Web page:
Figure 9: Ca2+ signaling pathways in normal (NHVSMC) and diabetic (DHVSMC) human aortic VSM cells. Cells were loaded with 2 μM Fura-2AM for 30 min and passive leak was monitored after store depletion with 1 μM thapsigargin (TG). Peak amplitude in response to TG (TG max release) and the time to half maximum release were compared between normal and diabetic cells (a, b). For the extrusion pathways the activity of PMCA and NCX was monitored by Ca2+ imaging after store depletion with 1 μM TG. Time to half () decay was then measured and compared between the different conditions (c). Cells were labeled with 2 μM Fura-2AM for 30 min and Ca2+ release was imaged following treatment of the cells with 30 and 40 μM of PE (d) or by using 30 μM PE followed by 1 mM lanthanum chloride (La3+) (e). Time to half decay was then measured and compared between normal and diabetics cells (e). Data are presented as mean ± SE from at least three independent experiments done each in triplicate. ; NS: not significant.

Other aspects of Ca2+ signaling, including the response to the G-protein coupled agonist PE (Figure 9(c)), Ca2+ extrusion (Figure 9(d)), and importantly SERCA activity (Figure 9(e)), were not statistically different among the normal and diabetic VSM cells. Although SERCA activity showed a trend toward inhibition in diabetic human VSM cells, this did not reach statistical significance (Figure 9(e)). This is in contrast to the dramatic inhibition of SERCA activity observed in A7r5 cells exposed to high glucose for prolonged time periods (Figure 7(b)), which was the most pronounced alteration to Ca2+ signaling observed in this model.

To assess the expression levels of the different Ca2+ channels and transporters in human VSM cells, we used real-time PCR to evaluate mRNA levels of PMCA1, PMCA4, Orai1, Orai2, stim1, STIM2, and SERCA1-3. No significant changes were detected in any of the studied markers (Supplemental Figure  3).

4. Discussion

Ca2+ signaling is an integral signaling module involved in many aspects of cellular physiology. Specificity of Ca2+ signaling stems from the integrated contribution of different channels and transporters that move Ca2+ across disparate subcellular compartments leading to complex spatial and temporal dynamics to encode specific downstream cellular functions [56]. As such Ca2+ signals are able to encode various cellular responses based on the specific dynamics of Ca2+ transients. As such, alterations in the function or regulation of Ca2+ transporting proteins could have significant consequences on cellular and organismal physiology [5658].

Several reports show that vascular dysfunction in the context of hyperglycemia is associated with alterations to multiple signaling pathways, including advanced glycation end-products (AGEs), PKC-DAG, and the hexosamine pathways [16, 2428]. These pathways could directly or indirectly affect Ca2+ signaling, which in turn would contribute to vascular dysfunction (VD) by altering VSM or endothelial cell physiology. Interestingly, a recurring pathway that appears to be involved in the aforementioned mechanisms is the generation of reactive oxygen species (ROS) [2428]. Furthermore, several lines of evidence suggest that oxidative stress caused by hyperglycemia increases the risk of the adverse cardiovascular events associated with diabetes [10, 11, 21, 26, 59]. For instance, in comparison to normal cells, an increase in ROS generation has been reported in smooth muscles from diabetic human uterine vessel [26]. It has been further shown that chronic treatment with antioxidants normalizes VD associated with diabetes supporting the deleterious role of ROS on vascular function [26, 59].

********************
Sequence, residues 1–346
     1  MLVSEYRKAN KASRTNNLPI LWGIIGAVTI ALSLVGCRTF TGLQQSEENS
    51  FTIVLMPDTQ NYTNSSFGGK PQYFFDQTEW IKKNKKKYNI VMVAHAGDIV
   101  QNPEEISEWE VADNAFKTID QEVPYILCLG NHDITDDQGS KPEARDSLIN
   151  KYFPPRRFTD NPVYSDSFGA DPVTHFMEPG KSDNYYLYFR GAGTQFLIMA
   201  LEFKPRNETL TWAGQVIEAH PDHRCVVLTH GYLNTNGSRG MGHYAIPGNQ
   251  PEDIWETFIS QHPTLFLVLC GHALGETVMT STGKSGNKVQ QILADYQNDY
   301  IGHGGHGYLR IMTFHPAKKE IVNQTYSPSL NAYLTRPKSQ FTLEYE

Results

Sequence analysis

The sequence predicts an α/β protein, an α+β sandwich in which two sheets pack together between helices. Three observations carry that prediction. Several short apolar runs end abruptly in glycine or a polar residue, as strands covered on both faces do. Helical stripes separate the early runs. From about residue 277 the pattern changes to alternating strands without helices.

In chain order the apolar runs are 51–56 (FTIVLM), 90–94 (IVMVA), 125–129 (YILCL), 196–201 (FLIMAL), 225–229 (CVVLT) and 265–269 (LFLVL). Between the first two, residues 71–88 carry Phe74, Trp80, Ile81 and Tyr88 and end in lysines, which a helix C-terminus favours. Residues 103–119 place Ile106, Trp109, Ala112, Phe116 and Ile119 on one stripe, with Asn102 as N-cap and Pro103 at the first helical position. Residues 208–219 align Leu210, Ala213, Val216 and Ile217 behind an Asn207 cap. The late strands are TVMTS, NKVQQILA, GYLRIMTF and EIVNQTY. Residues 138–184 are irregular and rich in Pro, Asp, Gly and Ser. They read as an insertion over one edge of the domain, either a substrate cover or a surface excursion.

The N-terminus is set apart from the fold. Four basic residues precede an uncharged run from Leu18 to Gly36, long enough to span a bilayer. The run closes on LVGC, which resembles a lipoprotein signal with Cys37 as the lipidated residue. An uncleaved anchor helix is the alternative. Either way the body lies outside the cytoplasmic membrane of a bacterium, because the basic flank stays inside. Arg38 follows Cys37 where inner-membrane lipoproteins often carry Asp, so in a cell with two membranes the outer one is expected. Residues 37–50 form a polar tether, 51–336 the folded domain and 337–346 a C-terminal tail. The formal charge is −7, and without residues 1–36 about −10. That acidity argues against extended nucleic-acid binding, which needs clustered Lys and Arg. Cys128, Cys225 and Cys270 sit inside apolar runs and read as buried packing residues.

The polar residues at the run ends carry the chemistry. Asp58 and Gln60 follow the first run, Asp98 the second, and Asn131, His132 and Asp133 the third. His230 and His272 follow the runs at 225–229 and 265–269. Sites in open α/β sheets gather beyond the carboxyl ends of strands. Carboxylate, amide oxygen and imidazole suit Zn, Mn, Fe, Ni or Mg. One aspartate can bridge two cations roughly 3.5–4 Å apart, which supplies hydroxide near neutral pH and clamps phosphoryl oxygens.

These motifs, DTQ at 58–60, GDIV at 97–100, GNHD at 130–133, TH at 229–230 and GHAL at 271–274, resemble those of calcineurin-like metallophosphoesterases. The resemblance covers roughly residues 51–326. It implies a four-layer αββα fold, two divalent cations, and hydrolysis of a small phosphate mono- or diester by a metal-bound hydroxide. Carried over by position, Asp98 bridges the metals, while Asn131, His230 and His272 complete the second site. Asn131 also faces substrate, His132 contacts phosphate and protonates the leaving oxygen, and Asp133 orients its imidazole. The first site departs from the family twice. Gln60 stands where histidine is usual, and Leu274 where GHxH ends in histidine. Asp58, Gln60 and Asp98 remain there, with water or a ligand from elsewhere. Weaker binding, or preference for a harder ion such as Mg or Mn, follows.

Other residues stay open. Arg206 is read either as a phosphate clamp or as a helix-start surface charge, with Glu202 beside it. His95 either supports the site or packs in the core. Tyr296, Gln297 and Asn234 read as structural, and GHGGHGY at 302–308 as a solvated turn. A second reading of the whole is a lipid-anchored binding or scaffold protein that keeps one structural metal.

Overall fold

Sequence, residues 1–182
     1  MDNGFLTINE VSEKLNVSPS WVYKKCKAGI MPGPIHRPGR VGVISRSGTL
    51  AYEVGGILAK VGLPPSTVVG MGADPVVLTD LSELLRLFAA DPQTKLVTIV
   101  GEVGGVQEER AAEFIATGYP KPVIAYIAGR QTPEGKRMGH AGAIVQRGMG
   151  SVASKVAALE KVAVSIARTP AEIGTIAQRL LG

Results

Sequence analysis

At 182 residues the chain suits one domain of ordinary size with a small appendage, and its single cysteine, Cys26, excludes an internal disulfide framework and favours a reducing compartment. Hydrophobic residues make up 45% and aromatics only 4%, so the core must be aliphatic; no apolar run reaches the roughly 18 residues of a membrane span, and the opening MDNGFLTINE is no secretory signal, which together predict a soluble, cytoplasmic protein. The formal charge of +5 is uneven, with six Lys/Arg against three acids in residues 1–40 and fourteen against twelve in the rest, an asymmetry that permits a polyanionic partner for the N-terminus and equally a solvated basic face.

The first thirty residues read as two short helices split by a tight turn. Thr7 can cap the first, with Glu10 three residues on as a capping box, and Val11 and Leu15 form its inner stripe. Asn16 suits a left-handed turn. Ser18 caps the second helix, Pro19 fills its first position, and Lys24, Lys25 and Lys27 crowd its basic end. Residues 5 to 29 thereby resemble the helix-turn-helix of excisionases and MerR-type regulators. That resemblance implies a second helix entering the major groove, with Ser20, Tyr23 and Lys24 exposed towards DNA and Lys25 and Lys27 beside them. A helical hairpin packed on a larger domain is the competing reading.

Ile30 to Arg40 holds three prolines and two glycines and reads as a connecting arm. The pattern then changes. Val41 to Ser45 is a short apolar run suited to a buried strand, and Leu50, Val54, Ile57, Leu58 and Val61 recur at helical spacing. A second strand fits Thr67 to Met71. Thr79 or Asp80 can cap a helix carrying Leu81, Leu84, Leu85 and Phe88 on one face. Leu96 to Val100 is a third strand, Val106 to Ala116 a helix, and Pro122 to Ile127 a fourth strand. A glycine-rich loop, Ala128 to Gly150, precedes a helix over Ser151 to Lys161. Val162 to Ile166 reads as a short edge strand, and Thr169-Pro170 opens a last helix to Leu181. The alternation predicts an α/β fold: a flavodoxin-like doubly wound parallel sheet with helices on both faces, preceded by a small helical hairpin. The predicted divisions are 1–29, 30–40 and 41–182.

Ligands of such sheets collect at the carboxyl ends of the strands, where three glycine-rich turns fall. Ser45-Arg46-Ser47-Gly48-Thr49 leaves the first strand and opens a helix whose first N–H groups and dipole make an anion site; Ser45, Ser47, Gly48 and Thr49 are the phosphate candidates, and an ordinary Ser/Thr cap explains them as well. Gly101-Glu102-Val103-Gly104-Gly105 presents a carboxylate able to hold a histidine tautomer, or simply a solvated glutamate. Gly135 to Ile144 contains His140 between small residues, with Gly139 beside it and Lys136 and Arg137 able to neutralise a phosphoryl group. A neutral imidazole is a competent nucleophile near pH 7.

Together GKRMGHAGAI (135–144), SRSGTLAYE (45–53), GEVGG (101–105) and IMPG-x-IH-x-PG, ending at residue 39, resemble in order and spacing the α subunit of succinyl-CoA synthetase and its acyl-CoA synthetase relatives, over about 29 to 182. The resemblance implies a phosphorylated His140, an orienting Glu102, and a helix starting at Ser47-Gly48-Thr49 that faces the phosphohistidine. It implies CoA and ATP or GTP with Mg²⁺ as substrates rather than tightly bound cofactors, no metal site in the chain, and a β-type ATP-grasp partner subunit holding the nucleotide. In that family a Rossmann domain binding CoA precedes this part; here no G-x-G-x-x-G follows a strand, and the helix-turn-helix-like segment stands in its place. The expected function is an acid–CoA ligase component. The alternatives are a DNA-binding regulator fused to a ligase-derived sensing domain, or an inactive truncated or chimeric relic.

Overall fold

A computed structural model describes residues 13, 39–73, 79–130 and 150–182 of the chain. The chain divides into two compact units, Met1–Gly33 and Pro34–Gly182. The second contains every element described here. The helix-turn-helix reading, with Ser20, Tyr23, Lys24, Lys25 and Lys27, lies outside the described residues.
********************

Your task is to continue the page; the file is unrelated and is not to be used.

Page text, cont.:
Our data show that short-term (up to 72 hrs) exposure of A7r5 vascular smooth muscle cells to hyperglycemic conditions does not result in any detectable changes in Ca2+ signaling. However, long-term culture of A7r5 cells in HG versus NG conditions leads to significant changes to Ca2+ signaling. Most significantly long-term exposure to hyperglycemic conditions is associated with an inhibition of both Ca2+ leak from the ER (Figure 5(c)) and SERCA-dependent Ca2+ reuptake into the ER (Figure 7(b)). The fact that these changes required culture under hyperglycemic conditions of more than 4 weeks argues that they are not driven by metabolic changes due to the increased glucose load, but rather that they are associated with modifications such as glycation or other cellular adaptations to the hyperglycemic conditions. Consistent with this conclusion, Fleischhacker et al. found no differential effect in the response of diabetic or normal smooth muscle cells to KCl and norepinephrine after they were isolated and cultured for 4 weeks [26]. Nevertheless, significant differences were observed when the cells were freshly isolated arguing that they are due to the pathophysiological state of the diabetic organism, potentially due to circulating factors, rather than irreversible changes at the cellular level. These effects were reversed following treatment with superoxide dismutase and when glycated products were removed. This argues that observed differential responses are not due to genetic modifications but require the presence of glycated products.

Furthermore, the contribution of HG-induced ROS to the observed SERCA inhibition has been previously reported [10]. Tong et al. showed that ROS-induced oxidation of Cys647 of SERCA inhibits nitric oxide- (NO-) induced-S-glutathionylation of SERCA leading to a decrease in its activity [10]. Therefore, to confirm that long-term normalization of glucose rescues SERCA activity by decreasing oxidative stress, we cultured A7r5 cells for 2 weeks in the presence of N-acetyl-cysteine (NAC), a strong radical scavenger. NAC normalized SERCA activity (Figure 7(f)). The involvement of ROS was further confirmed by the use of the DCFH assay that showed that exposure of cells already cultured in NG or OC media to HG for 30 min was sufficient to increase ROS levels (Figure 7(g)).